The interior surfaces of a closed, or encapsulated, temperature sensor may react with the trapped oxygen in the closed environment, thereby reducing the oxygen concentration and leaving the platinum resistive element susceptible to damage from the resulting reducing environment. The volume of air which may be contained within the closed temperature sensor may be limited because too great an internal volume may insulate the resistive temperature detector element from the exterior of the sensor, greatly increasing the thermal response time and reducing the performance of the sensor. Because of the restrictions on the internal volume of the enclosure, even if the interior surfaces of the enclosure have been pre-oxidized prior to final assembly of the sensor, further oxidation of the interior surfaces and/or contaminates may still reduce the oxygen concentration leaving the platinum resistive element susceptible to damage.

Open temperatures probes, which do not provide a closed environment, are open to the outside atmosphere to allow oxygen exchange with the platinum film of the temperature detector in order to prevent the loss or migration of the metal film in the presence of a reducing atmosphere. While the open design may allow communication with the external atmosphere, the external atmosphere may not, necessarily, provide a sufficient oxygen concentration to prevent the loss of, or damage to, the thin film resistive element. Additionally, the open design may allow the entrance of contaminants, such as soot, dust, combustion byproducts, etc. Such contaminants may react with, attack, inhibit or otherwise negatively affect the substrate, the platinum film, the thermal response time, etc., of the temperature detector.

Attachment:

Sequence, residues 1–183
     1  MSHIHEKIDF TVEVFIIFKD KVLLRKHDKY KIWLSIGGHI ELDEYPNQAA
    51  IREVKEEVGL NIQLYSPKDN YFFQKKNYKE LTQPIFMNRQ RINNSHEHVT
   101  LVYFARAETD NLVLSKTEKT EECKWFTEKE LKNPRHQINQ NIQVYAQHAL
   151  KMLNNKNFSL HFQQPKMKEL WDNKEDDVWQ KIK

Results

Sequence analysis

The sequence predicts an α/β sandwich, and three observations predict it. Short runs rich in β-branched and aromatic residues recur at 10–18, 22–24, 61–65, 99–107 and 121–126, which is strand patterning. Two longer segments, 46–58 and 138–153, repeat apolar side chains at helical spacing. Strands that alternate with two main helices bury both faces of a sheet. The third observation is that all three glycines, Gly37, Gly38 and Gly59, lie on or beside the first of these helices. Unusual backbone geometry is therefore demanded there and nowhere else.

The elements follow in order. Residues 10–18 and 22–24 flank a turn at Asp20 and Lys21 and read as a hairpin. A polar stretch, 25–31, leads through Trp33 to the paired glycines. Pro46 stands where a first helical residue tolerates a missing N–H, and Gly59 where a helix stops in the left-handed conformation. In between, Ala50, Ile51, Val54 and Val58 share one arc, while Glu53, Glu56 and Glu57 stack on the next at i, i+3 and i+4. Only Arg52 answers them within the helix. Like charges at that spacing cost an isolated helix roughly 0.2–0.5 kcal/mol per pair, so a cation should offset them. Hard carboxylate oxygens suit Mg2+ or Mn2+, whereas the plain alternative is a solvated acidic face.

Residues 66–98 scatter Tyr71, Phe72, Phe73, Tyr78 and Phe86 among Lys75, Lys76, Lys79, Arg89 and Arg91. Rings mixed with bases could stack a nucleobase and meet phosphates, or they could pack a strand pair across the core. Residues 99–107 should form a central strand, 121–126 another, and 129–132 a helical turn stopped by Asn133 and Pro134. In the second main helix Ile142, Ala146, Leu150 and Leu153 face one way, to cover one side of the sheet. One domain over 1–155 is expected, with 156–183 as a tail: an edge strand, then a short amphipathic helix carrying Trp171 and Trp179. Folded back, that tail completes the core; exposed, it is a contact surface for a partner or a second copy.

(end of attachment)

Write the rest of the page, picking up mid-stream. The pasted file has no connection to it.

BRIEF DESCRIPTION OF THE DRAWINGS

Features and advantages of the present invention are set forth by the description of embodiments consistent therewith, which description should be considered in conjunction with the accompanying drawings, wherein:

FIG. 1 is a schematic illustration of a vehicle including a temperature sensor consistent with the present invention;

FIG. 2 is a side cross-sectional view of an embodiment of a temperature sensor consistent with the present invention; and

FIG. 3 is a front cross-sectional view of the temperature sensor shown in FIG. 2.

DESCRIPTION

The present invention is generally directed at temperature sensors. According to particular embodiments, a temperature sensor is described which may suitably be employed for detecting an exhaust gas temperature, such as an exhaust gas temperature of an internal combustion engine, turbine (jet propulsion), fuel cell or other application where the measurement of temperature is necessary. A temperature sensor consistent with the present disclosure may, however, be employed in connection with various other applications, both related to, and unrelated to, vehicles.